Facing Threat Of Exposure, Creator Of List Accusing Media Men Of Misconduct Reveals Herself

By Heidi Stevens
Chicago Tribune

WWR Article Summary (tl;dr) Moira Donegan who outed herself as the person behind the “Shitty Media Men” list says she began the list in an attempt to provide a layer of protection to the women in her industry. She says she was taken aback by how many people, even powerful people, gave it the time of day.

Chicago Tribune

Plot twist.

The creator of the “Shitty Media Men” list identified herself in a piece published on New York Magazine’s blog, The Cut, after days of speculation over whether another magazine was going to out her in March.

Moira Donegan, whose bylines have appeared in the London Review of Books and The New Yorker, writes that she created the Google spreadsheet in October, collecting “a range of rumors and allegations of sexual misconduct, much of it violent, by men in magazines and publishing.”

“The anonymous, crowdsourced document was a first attempt at solving what has seemed like an intractable problem: how women can protect ourselves from sexual harassment and assault,” she writes.

She took the document offline after 12 hours, but it had already gone viral.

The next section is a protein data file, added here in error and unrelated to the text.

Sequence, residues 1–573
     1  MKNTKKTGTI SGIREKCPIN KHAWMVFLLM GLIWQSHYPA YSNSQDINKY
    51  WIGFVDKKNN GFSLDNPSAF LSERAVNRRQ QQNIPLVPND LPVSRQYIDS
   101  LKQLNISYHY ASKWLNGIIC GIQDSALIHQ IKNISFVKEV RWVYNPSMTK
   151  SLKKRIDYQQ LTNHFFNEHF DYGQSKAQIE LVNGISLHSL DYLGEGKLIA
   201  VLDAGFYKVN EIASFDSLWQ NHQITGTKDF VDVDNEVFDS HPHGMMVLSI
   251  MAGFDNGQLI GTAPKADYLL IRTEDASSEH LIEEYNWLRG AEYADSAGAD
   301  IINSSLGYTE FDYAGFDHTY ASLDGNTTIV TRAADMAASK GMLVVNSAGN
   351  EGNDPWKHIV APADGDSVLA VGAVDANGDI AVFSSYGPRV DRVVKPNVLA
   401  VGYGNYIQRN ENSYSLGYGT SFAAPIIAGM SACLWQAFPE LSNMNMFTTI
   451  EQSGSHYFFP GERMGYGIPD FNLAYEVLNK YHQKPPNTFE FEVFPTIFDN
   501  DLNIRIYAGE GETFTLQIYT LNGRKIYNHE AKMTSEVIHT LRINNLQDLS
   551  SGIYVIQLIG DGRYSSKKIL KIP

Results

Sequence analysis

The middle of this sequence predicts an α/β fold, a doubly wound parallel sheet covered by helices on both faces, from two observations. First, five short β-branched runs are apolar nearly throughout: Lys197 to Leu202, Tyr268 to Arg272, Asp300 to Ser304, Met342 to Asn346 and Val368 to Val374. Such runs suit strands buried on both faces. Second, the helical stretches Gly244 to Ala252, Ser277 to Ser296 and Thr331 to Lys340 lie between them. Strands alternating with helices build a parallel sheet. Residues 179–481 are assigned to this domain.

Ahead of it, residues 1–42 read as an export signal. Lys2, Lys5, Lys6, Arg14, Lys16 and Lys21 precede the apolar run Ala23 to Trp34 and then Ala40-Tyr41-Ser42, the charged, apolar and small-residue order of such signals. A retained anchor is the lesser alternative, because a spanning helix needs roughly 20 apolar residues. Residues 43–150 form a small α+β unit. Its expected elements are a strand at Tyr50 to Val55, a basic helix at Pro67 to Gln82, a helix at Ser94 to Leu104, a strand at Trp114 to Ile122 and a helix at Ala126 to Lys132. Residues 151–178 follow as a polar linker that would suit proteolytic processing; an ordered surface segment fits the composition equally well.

“I can’t pretend that the spreadsheet didn’t frighten me,” she writes. “As the stories accumulated and it became clear that many, many more women were using the document than I had ever imagined, I realized that I had created something that had grown rapidly beyond my control. I was overwhelmed and scared. That night, I went to a friend’s house to make dinner, and while I was there I confided in her about my fears. I worried that managing the document would eventually put me in the uncomfortable position of needing to decide whose stories belonged there and whose didn’t. I thought that I would lose my job and the career I’d worked so hard to build. My friend could hear the anxiety in my voice; she urged me to take the document down. But I was conflicted. What was going on there was clearly cathartic for the women who were using it, telling their stories, encouraging one another, saying that it had happened to them too. Many women don’t have the privileges that mitigate the risks of doing such a thing, privileges like whiteness, health, education, and class, and I do; it would be easier for me than for other people.”

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